A former special adviser and journalist from Northern Ireland has lifted the lid on the shadowy world of spin doctors.
Peter Cardwell (36) grew up in Richhill, Co Armagh, before working for the BBC and UTV, and then three years as a Government special adviser.
Appointed by Theresa May to advise Secretary of State James Brokenshire, he has also worked with Boris Johnson’s controversial right-hand man Dominic Cummings.
In his new book The Secret Life Of Special Advisers he shares his experiences of negotiating with Martin McGuinness, the RHI scandal and helping the Prime Minister respond to a terrorist attack.
“Spads are a fairly controversial role in Northern Ireland, probably the most informed part of the UK in terms of what they do,” he said from his home in London.
“It is a job that’s cloaked in mystery because no one knows what we do and what we’re for.
“You’re sort of a friend, you’re sort of an adviser.
“You’re spending a lot of time with the person and I was privileged to get to know people like James Brokenshire.”
Comparing it as a mixture of British political satire The Thick Of It and the softer-focused US White House drama The West Wing, he added: “You live a very crazy but privileged life, you get to meet interesting people and do fun things, even though if does take over your life.
“Sometimes it never stopped, but it was brilliant and I loved it and I would highly recommend it to anyone who gets a chance to do it.” Six months after starting as an adviser to Mr Brokenshire in 2016 Stormont came crashing down as Sinn Fein pulled the plug over the DUP’s handling of the RHI scandal.
“What you learn is that it’s a bit of a roller coaster, things take a lot of time and the arguments seemed to be a bit circular,” he said.
“It’s fascinating being in a room with people that you watched on TV for years.
“With Martin McGuinness and Gerry Adams, it was a weird experience. They were the bogeymen of my youth, essentially, and you’re sitting across the table trying to negotiate with them for the future of Northern Ireland.”
Despite the difficult task at hand, he praised his former boss Brokenshire.
“He was always bringing friends to the Giant’s Causeway and Titanic Belfast, he loved the place,” he added.
“Sometimes that always didn’t come over, as he had to be in a professional mode in public, but he was a heck of a lot of fun behind the scenes.”
Asked about the controversial role of special advisers during the RHI scandal, he agreed that tougher regulations were needed.
“Clearly politics is all about trust and I think you need to be able to trust your politicians and the people around them,” he said.
“I think a lot of people felt the RHI scandal meant a lot of trust was lost.
“I think tightening up the regulations around Spads was probably not a bad idea, because I worked with Arlene Foster and Martin McGuinness’ Spads.
“Advisers advise ministers, and that’s the way it should be.
“I believe (News Letter journalist) Sam McBride’s book Burned and am sure it’s very well-sourced, but that was also not the experience that I had as a special adviser.”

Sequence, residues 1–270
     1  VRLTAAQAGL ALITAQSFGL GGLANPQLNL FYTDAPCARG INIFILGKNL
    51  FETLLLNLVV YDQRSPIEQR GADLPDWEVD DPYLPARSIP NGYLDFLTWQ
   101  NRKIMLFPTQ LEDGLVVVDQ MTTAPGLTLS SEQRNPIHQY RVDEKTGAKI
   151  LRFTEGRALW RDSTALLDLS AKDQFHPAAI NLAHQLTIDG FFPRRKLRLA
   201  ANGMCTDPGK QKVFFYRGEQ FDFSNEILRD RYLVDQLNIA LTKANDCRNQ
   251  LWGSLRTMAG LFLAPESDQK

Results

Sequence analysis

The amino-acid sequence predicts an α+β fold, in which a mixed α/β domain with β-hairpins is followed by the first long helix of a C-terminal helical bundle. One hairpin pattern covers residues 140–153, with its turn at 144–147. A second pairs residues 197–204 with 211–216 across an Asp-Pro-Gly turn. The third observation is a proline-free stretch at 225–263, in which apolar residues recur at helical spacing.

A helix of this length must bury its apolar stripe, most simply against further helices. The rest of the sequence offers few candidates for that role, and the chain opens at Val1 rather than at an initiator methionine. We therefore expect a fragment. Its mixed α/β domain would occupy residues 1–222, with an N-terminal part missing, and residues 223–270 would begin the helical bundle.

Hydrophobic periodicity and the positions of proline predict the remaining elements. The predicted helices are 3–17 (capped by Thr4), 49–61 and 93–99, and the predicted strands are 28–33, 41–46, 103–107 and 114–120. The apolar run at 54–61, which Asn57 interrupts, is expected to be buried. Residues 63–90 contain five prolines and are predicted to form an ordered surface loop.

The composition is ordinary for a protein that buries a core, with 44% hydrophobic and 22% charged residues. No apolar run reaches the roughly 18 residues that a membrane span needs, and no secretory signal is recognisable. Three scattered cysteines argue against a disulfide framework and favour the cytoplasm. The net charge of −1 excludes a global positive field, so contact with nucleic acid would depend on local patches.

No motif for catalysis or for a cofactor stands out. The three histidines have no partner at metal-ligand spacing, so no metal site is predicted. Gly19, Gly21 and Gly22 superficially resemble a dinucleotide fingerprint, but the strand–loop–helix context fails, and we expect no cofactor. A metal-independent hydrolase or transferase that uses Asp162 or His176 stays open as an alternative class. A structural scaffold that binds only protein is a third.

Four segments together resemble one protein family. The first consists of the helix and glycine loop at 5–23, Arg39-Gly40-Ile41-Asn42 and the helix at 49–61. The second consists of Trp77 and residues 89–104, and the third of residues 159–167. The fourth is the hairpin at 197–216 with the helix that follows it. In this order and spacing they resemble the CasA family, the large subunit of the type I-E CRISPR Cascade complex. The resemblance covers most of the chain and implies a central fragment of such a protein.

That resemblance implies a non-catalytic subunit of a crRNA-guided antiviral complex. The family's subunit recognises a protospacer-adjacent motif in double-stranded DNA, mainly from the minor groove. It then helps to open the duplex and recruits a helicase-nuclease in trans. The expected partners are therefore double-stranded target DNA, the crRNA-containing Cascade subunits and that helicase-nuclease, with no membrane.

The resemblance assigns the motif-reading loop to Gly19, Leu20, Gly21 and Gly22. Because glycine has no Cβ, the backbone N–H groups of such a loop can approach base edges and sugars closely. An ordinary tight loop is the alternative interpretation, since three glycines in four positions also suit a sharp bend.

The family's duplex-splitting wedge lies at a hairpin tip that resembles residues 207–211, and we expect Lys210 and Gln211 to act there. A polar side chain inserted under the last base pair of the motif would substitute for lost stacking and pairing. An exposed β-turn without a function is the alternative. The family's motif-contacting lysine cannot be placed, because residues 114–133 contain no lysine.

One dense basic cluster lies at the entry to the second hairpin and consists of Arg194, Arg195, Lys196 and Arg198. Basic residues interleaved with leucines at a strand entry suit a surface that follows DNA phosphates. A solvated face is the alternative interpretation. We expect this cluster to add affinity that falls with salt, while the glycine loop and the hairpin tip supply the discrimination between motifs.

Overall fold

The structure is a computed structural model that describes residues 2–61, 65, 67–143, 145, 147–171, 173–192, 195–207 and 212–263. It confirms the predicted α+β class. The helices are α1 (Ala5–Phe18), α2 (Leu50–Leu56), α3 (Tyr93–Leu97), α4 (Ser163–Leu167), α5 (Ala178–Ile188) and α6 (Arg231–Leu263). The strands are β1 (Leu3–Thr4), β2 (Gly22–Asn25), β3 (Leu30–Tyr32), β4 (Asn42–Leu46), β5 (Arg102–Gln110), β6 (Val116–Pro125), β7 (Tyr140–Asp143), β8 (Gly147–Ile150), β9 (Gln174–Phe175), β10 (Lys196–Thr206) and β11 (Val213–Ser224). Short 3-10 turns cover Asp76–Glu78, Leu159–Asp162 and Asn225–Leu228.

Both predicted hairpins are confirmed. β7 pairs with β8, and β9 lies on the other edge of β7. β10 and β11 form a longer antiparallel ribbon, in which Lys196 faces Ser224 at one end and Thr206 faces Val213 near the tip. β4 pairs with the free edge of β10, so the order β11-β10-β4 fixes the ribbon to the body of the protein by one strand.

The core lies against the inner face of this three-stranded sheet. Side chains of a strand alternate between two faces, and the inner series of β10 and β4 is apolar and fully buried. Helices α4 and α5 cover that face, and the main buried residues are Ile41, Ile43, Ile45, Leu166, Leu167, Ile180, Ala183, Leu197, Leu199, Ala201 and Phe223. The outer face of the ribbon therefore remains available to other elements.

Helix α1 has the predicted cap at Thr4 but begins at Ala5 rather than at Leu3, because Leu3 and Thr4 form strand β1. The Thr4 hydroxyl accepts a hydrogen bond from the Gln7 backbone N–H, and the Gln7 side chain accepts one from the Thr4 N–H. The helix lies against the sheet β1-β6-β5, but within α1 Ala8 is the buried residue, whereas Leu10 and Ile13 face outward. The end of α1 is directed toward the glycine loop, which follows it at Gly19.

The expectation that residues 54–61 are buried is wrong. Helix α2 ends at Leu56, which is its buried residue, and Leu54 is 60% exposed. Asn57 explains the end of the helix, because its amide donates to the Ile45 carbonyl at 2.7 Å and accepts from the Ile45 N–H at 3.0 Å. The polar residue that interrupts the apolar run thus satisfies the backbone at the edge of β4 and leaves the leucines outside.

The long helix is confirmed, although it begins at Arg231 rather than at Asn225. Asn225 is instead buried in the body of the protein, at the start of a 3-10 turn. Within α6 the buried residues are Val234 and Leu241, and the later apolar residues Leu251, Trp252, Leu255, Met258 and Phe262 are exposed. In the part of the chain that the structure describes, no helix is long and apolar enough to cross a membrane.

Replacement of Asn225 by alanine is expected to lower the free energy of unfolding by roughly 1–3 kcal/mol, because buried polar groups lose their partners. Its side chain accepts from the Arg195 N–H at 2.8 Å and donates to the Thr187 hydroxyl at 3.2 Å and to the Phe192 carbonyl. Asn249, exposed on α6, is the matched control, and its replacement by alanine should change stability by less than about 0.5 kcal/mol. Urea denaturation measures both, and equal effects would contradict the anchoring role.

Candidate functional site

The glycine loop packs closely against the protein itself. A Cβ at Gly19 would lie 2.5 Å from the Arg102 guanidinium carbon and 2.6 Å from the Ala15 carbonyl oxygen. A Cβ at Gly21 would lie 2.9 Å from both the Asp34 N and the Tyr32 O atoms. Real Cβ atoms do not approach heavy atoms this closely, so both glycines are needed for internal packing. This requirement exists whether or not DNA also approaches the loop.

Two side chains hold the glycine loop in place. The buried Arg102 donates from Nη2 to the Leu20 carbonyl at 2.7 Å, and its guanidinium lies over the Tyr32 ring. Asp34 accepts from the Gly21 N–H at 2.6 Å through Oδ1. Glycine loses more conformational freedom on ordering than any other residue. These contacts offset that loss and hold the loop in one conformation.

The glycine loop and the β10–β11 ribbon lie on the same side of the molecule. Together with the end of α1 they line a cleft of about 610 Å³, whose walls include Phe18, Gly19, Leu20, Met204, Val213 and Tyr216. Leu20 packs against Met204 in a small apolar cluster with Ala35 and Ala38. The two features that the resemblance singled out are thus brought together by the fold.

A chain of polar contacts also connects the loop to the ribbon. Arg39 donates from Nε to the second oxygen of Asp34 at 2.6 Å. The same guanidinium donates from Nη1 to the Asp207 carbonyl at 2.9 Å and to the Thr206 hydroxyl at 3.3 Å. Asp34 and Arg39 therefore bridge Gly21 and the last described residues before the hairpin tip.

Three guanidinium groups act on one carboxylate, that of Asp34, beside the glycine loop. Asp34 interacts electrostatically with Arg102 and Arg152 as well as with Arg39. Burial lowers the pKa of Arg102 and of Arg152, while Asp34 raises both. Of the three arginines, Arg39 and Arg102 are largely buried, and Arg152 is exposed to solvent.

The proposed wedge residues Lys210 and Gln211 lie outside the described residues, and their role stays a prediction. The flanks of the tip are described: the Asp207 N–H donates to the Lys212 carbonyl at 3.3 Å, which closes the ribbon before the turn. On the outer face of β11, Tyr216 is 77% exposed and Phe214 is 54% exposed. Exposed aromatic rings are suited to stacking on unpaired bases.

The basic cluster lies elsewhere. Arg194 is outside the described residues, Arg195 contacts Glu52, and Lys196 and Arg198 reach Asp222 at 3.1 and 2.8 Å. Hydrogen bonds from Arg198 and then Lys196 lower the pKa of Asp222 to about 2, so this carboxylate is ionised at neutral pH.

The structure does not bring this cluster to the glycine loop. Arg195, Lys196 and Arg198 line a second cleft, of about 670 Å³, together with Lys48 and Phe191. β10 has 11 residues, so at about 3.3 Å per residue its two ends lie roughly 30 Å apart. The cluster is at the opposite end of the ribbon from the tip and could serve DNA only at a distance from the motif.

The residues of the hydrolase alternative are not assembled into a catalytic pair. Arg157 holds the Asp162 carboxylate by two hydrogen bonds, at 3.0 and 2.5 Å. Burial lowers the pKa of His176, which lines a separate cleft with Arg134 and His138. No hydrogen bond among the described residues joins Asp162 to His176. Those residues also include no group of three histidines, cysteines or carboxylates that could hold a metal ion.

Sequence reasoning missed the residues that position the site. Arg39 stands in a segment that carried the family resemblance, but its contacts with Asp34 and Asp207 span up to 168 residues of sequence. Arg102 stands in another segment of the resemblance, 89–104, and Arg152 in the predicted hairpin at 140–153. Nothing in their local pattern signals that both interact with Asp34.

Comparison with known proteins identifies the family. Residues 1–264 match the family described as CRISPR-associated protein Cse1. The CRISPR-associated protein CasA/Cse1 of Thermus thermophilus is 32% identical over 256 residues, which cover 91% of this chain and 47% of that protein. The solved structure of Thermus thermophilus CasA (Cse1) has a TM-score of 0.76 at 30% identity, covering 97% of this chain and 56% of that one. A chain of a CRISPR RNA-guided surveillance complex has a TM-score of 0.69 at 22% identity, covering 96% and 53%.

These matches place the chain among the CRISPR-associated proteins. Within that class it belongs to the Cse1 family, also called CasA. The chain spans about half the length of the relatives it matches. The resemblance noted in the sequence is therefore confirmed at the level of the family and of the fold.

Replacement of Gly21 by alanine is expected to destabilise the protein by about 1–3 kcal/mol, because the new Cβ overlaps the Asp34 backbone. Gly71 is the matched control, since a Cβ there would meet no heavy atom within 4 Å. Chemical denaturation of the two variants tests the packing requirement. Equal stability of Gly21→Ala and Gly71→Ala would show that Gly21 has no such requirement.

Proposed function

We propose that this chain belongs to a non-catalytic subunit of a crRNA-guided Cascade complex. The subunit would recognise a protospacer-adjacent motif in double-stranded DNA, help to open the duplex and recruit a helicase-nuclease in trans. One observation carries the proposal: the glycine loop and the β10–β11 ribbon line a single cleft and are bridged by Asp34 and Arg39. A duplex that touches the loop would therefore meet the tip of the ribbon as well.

Comparing Spad heavyweights such as Cummings and Tony Blair’s chief spin doctor Alastair Campbell, he said: “Obviously they’re at the very top of the tree, so they have a different relationship.
“Alastair Campbell was very heavily involved in the Good Friday Agreement and knows Northern Ireland very well.
“But as a member of the Conservative Party, I would say what I think is forgotten is the huge preparatory work that John Major and his Government did in getting peace negotiations so far down the line.
“I think, as we remember John Hume and his incredible contribution, we should also remember the lesser celebrated of the peace process like John Major, who the IRA tried to murder.”
Despite Cummings causing huge controversy for allegedly breaking lockdown rules and misleading the public over Brexit, Cardwell described him as “incredibly focused and charismatic”.
“I certainly went through the last six months of the May administration, which was really bad and difficult for a lot of people despite the best efforts of a lot of senior Spads around that time,” he said.
“Dominic came in on day one to speak to a dejected bunch of people.
“He said three things were going to happen: ‘We’re going to get Brexit done, we’re going to have an election and win a huge majority’.
“I was sort of standing at the back of the room and thought it was ludicrous; none of that was going to happen. But all three of them did.
“He is a strategic genius. He’s not everyone’s cup of tea but I worked with him very well.”
In his book Cardwell recalls a Cabinet meeting in the wake of Streatham terror attack in February.
“I was sitting opposite Dominic Cummings and Boris Johnson, and let’s just say others who you might expect to be in the room after a terror attack,” he said.
“So he showed very strong and decisive leadership.
“Boris Johnson would say what he wants to happen and Dominic Cummings makes it happen.
“This idea that he’s running the Government — he is, but he’s carrying out the instructions of Boris Johnson.
“Some of what’s written about him is true as well.
“He is definitely a fascinating character.”
The Secret Life Of Special Advisers will be published on October 13 and is now available to pre-order on Amazon.